Prof. John Studd. Women's Health Clinic
clinical gynaecologist
clinical gynaecologist

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Severe PMS and Bipolar Disease
– a tragic confusion.

At the London PMS and Menopause Centre we have seen over the years many patients diagnosed as bipolar disease by psychiatrists who have responded dramatically and completely to suppression of ovulation. This can be done with transdermal oestradiol or GnRH analogues but is not really improved by the birth control pill because these women are often progestogen intolerant. It is stressed the hormone responsive depression cannot be diagnosed by measuring hormone levels. These patients have severe PMS and not bipolar disease and this could have been established by the discovering following items in the history:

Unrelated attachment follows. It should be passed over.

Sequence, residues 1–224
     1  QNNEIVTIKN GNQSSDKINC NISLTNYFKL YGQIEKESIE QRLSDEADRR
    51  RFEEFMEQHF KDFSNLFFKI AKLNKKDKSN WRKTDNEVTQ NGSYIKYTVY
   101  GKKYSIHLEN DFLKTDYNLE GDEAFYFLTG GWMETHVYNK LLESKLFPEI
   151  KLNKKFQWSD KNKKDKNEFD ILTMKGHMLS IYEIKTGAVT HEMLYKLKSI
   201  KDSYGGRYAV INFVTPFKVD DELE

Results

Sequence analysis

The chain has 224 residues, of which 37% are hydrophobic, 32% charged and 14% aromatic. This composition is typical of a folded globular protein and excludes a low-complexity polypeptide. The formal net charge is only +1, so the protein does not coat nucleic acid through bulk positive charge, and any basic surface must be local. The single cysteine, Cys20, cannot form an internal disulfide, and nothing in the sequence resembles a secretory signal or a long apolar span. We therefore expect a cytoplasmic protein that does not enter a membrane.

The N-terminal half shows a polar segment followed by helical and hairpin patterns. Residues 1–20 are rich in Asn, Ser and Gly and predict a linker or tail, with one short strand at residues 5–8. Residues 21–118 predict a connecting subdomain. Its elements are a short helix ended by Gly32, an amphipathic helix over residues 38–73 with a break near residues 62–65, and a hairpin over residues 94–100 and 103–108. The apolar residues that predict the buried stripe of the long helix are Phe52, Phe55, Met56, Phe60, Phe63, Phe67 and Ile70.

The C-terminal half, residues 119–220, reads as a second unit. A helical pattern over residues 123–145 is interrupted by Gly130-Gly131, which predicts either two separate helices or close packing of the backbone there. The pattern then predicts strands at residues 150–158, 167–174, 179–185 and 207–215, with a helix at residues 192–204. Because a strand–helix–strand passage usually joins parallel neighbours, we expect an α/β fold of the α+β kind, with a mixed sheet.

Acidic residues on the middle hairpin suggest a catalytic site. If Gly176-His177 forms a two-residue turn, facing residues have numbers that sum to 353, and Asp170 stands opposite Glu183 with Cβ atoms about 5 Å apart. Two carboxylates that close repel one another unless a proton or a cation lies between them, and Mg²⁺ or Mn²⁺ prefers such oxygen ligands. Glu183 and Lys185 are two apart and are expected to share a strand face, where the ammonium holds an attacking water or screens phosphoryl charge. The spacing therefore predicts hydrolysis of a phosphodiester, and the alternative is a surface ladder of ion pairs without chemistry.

1. Relating earlier depressive episodes to the menstrual cycle.
  2. The relief of depressive symptoms during pregnancy.
  3. The recurrence of depression post partum 
  4. Premenstrual depression recurring when menstruation recurs after delivery
  5. The premenstrual depression becoming worse with age blending into the menopausal transition.
  6. Often the coexistence of somatic symptoms such as menstrual migraine or cyclical mastalgia.
  7. These patients usually have runs of 7-10 “good days” a month.
Examples are given of patients who have had between 5 to 20 years of mood stabilising drugs, multiple admissions to hospital, ECT and in one case severe renal damage due to 20 years of Lithium.  It is not known how frequently severe PMS is misdiagnosed as bipolar disease by psychiatrists but it does occur and we should be aware of the correct questions to ask in order to make the diagnosis of a hormone responsive depression and to prevent this tragic misdiagnosis.
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